Wall Street’s main indexes dropped more than one per cent on Monday in a broad selloff as investors worried about a deluge in COVID-19 cases potentially undercutting the economic rebound and a critical blow to President Joe Biden’s domestic investment bill.
All major S&P 500 sectors were lower as coronavirus cases surged in New York City and around the United States over the weekend, dashing hopes for a more normal holiday season. Britain’s leader said he would take more steps to slow the spread of the Omicron coronavirus variant if needed, after the Netherlands began a fourth lockdown and as other European nations considered restrictions.
“Typically what happens in Europe is a bit of a preview for what we see in the United States. So, if we see a lot more infections in the U.S., it could stress hospitals, make people less reluctant to get out, spend and partake in the economy. That’s definitely a cause of concern,” said Chris Zaccarelli, chief investment officer at Independent Advisor Alliance.
The Dow Jones Industrial Average fell 551.14 points, or 1.56 per cent, to 34,814.3, the S&P 500 lost 67.14 points, or 1.45 per cent, to 4,553.5 and the Nasdaq Composite dropped 233.33 points, or 1.54 per cent, to 14,936.35.
The benchmark S&P 500 traded below its 50-day moving average, a key technical level.
Economically sensitive S&P 500 groups such as financials and materials were among the biggest sector decliners.
Meanwhile, Canada’s main stock index also started the trading week on a downward spiral amid concerns that surging Omicron COVID-19 cases could dampen economic growth and exacerbate supply chain problems.
The S&P/TSX composite index down 322.67 points at 20,416.52.
The Canadian dollar traded for 77.18 cents US compared with 77.85 cents US on Friday.
The February crude contract was down four cents at US$66.65 per barrel and the January natural gas contract was up a penny at US$3.87 per mmBTU.
The February gold contract was up US$9.10 at US$1795.80 an ounce and the March copper contract was unchanged at US$4.30 a pound.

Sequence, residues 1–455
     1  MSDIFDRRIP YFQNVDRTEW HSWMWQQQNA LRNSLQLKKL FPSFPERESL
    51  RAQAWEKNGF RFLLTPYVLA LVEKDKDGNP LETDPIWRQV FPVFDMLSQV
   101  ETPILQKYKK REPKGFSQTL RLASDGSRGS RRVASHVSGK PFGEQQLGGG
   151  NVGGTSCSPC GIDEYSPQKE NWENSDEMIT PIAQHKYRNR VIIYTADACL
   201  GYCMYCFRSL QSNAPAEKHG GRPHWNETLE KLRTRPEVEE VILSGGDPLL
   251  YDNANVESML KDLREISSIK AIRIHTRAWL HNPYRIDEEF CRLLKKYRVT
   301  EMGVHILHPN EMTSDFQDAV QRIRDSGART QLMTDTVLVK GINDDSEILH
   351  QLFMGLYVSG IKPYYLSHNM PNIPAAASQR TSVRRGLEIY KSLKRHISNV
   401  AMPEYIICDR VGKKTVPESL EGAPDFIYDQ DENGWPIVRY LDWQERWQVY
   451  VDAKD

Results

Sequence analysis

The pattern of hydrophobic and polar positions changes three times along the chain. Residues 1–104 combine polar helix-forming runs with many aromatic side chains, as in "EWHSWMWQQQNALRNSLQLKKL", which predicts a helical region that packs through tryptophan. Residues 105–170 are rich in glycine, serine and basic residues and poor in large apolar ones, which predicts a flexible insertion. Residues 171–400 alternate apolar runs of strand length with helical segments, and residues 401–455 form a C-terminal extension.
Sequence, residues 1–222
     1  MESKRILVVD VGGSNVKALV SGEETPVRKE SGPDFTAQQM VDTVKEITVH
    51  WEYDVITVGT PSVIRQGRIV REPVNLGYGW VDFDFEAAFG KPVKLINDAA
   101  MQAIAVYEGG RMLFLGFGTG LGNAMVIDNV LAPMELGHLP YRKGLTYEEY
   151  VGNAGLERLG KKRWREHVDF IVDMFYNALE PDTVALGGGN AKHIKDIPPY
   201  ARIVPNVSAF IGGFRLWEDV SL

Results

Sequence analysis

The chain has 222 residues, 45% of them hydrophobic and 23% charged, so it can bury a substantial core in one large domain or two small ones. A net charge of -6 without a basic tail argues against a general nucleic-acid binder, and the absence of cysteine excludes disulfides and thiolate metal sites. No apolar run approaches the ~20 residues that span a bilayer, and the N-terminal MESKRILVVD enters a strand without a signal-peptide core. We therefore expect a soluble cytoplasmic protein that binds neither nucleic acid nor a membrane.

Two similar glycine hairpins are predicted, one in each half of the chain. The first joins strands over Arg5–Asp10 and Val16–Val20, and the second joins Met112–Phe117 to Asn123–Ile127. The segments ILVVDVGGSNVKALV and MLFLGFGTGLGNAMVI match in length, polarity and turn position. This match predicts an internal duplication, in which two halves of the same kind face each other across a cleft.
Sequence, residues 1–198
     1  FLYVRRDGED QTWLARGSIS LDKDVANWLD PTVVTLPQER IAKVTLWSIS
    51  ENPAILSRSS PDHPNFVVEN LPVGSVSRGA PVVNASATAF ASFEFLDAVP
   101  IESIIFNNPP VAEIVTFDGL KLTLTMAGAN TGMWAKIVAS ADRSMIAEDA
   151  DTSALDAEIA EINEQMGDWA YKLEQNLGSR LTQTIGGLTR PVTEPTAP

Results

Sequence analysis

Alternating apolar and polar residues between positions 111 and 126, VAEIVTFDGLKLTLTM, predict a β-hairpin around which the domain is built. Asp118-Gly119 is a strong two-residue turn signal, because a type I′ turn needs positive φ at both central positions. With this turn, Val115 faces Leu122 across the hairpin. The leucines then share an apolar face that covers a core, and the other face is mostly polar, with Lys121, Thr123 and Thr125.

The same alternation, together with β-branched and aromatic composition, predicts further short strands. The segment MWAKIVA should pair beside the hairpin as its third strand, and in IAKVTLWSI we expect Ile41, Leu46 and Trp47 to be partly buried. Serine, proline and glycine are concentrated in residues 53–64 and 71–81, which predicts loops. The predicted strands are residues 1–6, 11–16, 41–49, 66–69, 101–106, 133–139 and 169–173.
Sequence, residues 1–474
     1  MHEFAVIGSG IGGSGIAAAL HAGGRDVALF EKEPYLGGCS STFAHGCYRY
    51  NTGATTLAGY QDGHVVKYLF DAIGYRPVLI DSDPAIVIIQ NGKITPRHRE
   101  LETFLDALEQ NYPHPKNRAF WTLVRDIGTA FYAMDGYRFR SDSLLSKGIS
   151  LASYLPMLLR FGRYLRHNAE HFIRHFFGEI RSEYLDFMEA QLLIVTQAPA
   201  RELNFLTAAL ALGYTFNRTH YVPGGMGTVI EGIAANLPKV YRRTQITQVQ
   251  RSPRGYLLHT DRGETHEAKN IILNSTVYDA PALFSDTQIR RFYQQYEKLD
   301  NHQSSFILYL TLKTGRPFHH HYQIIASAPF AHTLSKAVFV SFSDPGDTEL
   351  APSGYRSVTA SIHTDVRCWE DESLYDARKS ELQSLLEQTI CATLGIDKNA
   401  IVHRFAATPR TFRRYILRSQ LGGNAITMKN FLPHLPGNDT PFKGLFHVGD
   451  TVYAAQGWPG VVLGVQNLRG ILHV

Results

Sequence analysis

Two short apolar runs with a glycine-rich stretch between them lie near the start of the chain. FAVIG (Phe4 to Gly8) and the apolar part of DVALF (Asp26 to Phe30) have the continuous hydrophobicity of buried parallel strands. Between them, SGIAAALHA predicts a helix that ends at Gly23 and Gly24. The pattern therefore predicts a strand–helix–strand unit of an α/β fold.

In a further knock to market sentiment, U.S. Senator Joe Manchin said on Sunday he would not support Biden’s $1.75 trillion domestic investment bill.
Goldman Sachs trimmed its quarterly U.S. GDP forecasts for 2022 after Manchin’s comments.
The developments came as the Federal Reserve decided last week to end its pandemic-era stimulus faster, with the central bank signaling at least three quarter-percentage-point interest rate hikes by the end of 2022.
The S&P 500 was now logging a loss for the month of December. Investors have taken a more defensive stance so far this month, with sectors such as consumer staples, real estate and utilities leading gains.
The S&P 500 remains up some 20 per cent so far in 2021.
“Given the strength of the market so far this year, in some ways you could see investors take some profits and look for greater clarity in the new year,” said Michael Arone, chief investment strategist at State Street Global Advisors.
In company news, Oracle Corp shares fell 4.5 per cent after the business software maker said it would buy electronic medical records company Cerner Corp for $28.3 billion. Shares of Cerner added about one per cent.
Declining issues outnumbered advancing ones on the NYSE by a 5.25-to-1 ratio; on Nasdaq, a 3.56-to-1 ratio favored decliners.
The S&P 500 posted two new 52-week highs and 11 new lows; the Nasdaq Composite recorded 10 new highs and 321 new lows.
(Reporting by Lewis Krauskopf in New York, Shreyashi Sanyal and Anisha Sircar in Bengaluru; editing by Uttaresh.V, Maju Samuel and Cynthia Osterman)
With files from the Canadian Press